I bought some sprouts from Sprout People. I wanted to try their Big Bird Mix and get some seed for cat greens. I ordered their starter sampler. Still trying this out. I think that it would be good to start using sprouts. Lettuce seems to upset my stomach, so I don’t eat it very often. I think this will be a good, cheap way to get some fresh veggies into our meals in the winter. I will plant some fall crops in the garden at the river, but I don’t expect much out of that.

I try to limit carbs, but I don’t see any way to really stockpile fresh veggies and meat. I’m just not willing to be in a situation where we are stuck at home with nothing to eat. It just makes sense to shop ahead. I still need to take inventory of what we have and figure out what to get on the next shop. I’d like a 25 pound sack of beans and maybe the same of popcorn. And I’ll keep buying instant milk every time I go. I really hope that more people will try to shop ahead like this, but I doubt that it will happen. I’ve seen what the Camas Safeway looks like when snow is predicted.

Mexican Blackbird

That is what we’ve been calling the new truck. It has been very temperamental so far. We have a problem with the doors auto locking. It locked into Park the other day at Winco. We didn’t think we’d be able to get it home. It’s an electrical issue for sure. George is working on it this weekend. We have a Silverado with the same interior for parts.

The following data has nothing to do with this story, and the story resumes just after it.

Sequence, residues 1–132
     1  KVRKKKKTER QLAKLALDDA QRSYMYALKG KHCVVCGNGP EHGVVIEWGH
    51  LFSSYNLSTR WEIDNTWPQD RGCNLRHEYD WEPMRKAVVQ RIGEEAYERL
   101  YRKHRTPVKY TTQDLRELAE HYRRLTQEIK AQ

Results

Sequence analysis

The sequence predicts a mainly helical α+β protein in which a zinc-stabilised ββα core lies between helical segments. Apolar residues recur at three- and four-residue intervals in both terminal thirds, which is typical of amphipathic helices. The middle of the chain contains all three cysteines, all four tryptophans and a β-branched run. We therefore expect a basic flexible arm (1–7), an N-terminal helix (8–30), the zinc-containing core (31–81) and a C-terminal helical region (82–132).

1997 GMC Sierra Stepside

At some point, I think it will be a good rig for us. We can haul stuff with it. There’s room for Loretta. It is a good looking truck. It’s just frustrating trying to get all the little things fixed. (And the name for the truck is a ZZ Top song, in case you are wondering.)

I have been busy trying to build up some food storage. So far, I am trying to just build up the things we’d eat in the winter. And no, it’s not Paleo. I don’t see any way to really do Paleo and food storage. I do bread once a week, using that wild caught yeast. I am looking into getting another grain grinder. I still have my faithful Corona. But I would like to have an electric model too. I have been stashing bacon and ham hocks for beans this winter. I still have that big halibut frame to cook into stock. Got a nice book, The Urban Pantry, which has some tasty recipes. And I am also buying up some wheat. This will be an ongoing process and I hope next year I can do some canning. Time to get serious about this stuff. I do not want to be the person with nothing to eat if the food distribution system breaks down for some reason. It’s just smart to have a well stocked pantry.